by Benjamin Ong Pang Kean
click on the thumbnails for full pages
, written by Mark Millar with art by creator Rob Liefeld, is set to thrill, excite, and perhaps upset and titillate comics readers in July. Finally.
Millar is one of today’s biggest names in the comics scene. Fame and success do not come by without controversies. If Rob Liefeld was the bad boy in the comics industry, Millar should have the honor of being the former’s sidekick and perhaps successor in spirit. Fresh from a successful run on Marvel’s Ultimate X-Men
and previously part of the creative team which rocked the face of the comics world with DC/Wildstorm’s The Authority
, Millar has a few high-profile (and as usual, controversial) titles set to hit the shelves on July: Trouble
, the continuation of Superman: Red Son
and of course, Bloodsport
In part one of the Youngblood
feature, Newsarama talked to series creator Rob Liefeld. In part two, Millar sat down with Newsarama for a chat to get a little more on Bloodsport
and a few other things on his mind.
: Let’s go back to your reason for signing on to this particular project - did you grow up being a fan of Youngblood
: No, I kind of missed Image. I was just reading other stuff at the time, being slightly snobby and British. I was aware of what was happening though and watched with some envy as these twenty-something dudes became overnight multi-millionaires to the point where they just didn't even need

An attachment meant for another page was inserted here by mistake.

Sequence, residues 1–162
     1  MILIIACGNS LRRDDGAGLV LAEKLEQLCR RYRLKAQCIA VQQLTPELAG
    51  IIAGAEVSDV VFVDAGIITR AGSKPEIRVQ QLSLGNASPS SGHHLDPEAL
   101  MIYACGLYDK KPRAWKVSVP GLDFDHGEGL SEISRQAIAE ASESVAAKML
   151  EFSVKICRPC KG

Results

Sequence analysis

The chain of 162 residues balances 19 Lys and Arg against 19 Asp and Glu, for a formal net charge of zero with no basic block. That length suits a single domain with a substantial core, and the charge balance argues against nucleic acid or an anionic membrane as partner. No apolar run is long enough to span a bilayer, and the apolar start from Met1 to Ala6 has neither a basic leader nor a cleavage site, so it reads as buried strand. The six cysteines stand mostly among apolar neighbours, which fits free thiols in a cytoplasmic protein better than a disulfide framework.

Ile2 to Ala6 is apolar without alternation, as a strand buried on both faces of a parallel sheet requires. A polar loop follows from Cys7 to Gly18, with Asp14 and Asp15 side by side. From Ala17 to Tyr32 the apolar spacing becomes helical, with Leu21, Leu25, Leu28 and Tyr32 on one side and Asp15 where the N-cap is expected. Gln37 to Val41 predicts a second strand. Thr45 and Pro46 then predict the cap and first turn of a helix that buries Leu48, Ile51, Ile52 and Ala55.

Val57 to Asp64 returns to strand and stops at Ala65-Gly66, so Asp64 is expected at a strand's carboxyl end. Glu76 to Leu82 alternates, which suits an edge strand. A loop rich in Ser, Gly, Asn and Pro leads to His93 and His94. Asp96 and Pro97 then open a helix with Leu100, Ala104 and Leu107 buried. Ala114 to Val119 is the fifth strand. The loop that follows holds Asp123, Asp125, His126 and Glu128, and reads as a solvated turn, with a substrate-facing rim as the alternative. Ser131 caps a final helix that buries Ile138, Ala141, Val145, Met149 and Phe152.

to work past issue three or whatever. It was quite fascinating from outside the biz and all the praise and venom I detected from reading all the trade magazines at the time has been channeled into the story here.
is really a reaction to that particular period and a comment on both Image and the industry itself. That said, I did pick up the occasional issue for the art. I did the same with [Marc] Silvestri and Jim Lee too because it was just great superhero art. No, people don't look like this at all, but people don't look like Buzz Lightyear either and I still like him.
: How did you get approached for the series in the first place? From The Authority
to Ultimate X-Men
, Superman: Red Son
to Arcade's Youngblood: Bloodsport
, what is it about the latter that you want to add on to your resume?
: Rob had been reading my books and just called me up. It was really that simple. I've always appreciated what he does and I love the niche he's carved out for himself as the bad boy of comics. The name we keep batting back and forth is Travolta because people actually love Rob just like they loved Travolta. The trouble was it took Pulp Fiction